Thus, the only change the Secretary made in the hearing officer's decision was to call for the use of an outside expert to assist the board in locating a new interpreter. The Parents' other claims were rejected.
The only issue in this appeal is the Parents' claim that they are entitled to attorney's fees under the fee-shifting provisions of the EHA. The EHA, as modified by the Handicapped Children's Protection Act of 1986, states in relevant part,
(B) In any action or proceeding brought under this subsection, the court, in its discretion, may award reasonable attorney's fees as part of the costs to the parents or guardian of a handicapped child or youth who is the prevailing party.
20 U.S.C. § 1415(e)(4)(B).
The standard for determining whether a party has prevailed is well settled. A prevailing party must succeed on "any significant issue in litigation which achieves some of the benefit the parties sought in bringing suit." Hensley v. Eckerhart, 461 U.S. 424, 434, 103 S.Ct. 1933, 1939, 76 L.Ed.2d 40 (1983) (quoting Nadeau v. Helgemoe, 581 F.2d 275, 278-79 (1st Cir.1978)). We apply a two-part test consistent with the Hensley guideline: whether plaintiffs achieved relief and whether there is a causal connection between the litigation and the relief from the defendant. Institutionalized Juveniles v. Secretary of Pub. Welfare, 758 F.2d 897, 910 (3d Cir.1985).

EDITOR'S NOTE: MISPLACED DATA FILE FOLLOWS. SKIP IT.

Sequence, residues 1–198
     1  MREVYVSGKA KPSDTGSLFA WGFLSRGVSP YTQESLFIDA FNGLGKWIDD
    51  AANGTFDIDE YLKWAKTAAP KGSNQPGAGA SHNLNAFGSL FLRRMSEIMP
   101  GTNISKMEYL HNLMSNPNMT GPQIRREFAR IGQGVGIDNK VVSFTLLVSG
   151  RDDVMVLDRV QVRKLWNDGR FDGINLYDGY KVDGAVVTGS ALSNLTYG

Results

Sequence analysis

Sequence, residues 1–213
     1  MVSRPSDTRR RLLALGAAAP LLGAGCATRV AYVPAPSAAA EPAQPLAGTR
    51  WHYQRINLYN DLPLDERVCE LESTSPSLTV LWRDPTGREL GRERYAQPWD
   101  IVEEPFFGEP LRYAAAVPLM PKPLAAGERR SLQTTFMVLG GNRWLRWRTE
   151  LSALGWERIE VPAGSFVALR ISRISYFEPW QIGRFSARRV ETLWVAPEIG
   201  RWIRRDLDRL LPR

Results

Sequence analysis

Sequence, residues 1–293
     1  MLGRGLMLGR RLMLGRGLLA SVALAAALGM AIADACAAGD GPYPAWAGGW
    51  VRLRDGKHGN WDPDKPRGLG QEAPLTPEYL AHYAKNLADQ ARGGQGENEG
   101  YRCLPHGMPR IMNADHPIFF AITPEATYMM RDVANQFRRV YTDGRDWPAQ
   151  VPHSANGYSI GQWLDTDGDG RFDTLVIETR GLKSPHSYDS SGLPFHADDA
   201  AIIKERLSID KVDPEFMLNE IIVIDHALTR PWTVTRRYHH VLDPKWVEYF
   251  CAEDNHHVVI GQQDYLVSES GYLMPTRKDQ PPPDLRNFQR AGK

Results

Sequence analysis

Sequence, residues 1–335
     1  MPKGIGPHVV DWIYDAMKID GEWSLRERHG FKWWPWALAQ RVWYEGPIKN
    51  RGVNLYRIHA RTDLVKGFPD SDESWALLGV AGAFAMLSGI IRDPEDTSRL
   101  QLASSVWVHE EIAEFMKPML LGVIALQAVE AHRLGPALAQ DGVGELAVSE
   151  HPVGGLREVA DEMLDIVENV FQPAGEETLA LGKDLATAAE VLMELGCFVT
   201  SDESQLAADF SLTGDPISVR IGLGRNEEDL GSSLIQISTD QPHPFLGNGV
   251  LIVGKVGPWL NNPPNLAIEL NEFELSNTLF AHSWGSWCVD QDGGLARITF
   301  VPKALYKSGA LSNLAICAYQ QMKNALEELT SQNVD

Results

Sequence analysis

The first-prong of the test is whether the Parents achieved relief on any of their claims. This involves a commonsense comparison between the relief sought and obtained. 758 F.2d at 911. We have previously articulated a liberal standard for that comparison: as long as a plaintiff achieves some of the benefit sought in a lawsuit, even though the plaintiff does not ultimately succeed in securing a favorable judgment, the plaintiff can be considered the prevailing party for purposes of a fee award. NAACP v. Wilmington Medical Ctr., Inc., 689 F.2d 1161, 1166 (3d Cir.1982), cert. denied, 460 U.S. 1052, 103 S.Ct. 1499, 75 L.Ed.2d 930 (1983).
Although Shannon now has a different interpreter, the Parents did not prevail on any of their legal claims. The Parents' proposed legal conclusions made two claims: they asked for a finding that Shannon's interpreter was not qualified and that the School District thus violated EHA sections 300.12 and 504.
Neither the Secretary nor the hearing officer found that Kane was not qualified--the first issue tendered by the parents. Only if the parents proved that Kane was not qualified would her employment be illegal under section 300.12. Since they did not do so, their due process claim that Kane was not qualified must fail.